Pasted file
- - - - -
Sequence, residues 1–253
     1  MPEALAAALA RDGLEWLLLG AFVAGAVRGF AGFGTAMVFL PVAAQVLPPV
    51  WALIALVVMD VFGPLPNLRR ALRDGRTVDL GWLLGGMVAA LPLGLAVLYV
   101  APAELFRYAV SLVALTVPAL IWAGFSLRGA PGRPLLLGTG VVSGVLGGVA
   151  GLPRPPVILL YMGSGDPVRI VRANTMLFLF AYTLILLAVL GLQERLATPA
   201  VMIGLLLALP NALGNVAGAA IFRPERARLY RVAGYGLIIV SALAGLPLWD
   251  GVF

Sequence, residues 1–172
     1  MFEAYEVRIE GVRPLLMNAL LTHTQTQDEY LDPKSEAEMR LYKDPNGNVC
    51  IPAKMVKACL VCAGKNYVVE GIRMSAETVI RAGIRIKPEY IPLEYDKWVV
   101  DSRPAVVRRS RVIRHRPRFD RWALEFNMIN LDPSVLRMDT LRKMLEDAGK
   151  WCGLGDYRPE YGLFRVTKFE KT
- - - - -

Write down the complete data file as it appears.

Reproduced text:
Sequence, residues 1–253
     1  MPEALAAALA RDGLEWLLLG AFVAGAVRGF AGFGTAMVFL PVAAQVLPPV
    51  WALIALVVMD VFGPLPNLRR ALRDGRTVDL GWLLGGMVAA LPLGLAVLYV
   101  APAELFRYAV SLVALTVPAL IWAGFSLRGA PGRPLLLGTG VVSGVLGGVA
   151  GLPRPPVILL YMGSGDPVRI VRANTMLFLF AYTLILLAVL GLQERLATPA
   201  VMIGLLLALP NALGNVAGAA IFRPERARLY RVAGYGLIIV SALAGLPLWD
   251  GVF

Sequence, residues 1–172
     1  MFEAYEVRIE GVRPLLMNAL LTHTQTQDEY LDPKSEAEMR LYKDPNGNVC
    51  IPAKMVKACL VCAGKNYVVE GIRMSAETVI RAGIRIKPEY IPLEYDKWVV
   101  DSRPAVVRRS RVIRHRPRFD RWALEFNMIN LDPSVLRMDT LRKMLEDAGK
   151  WCGLGDYRPE YGLFRVTKFE KT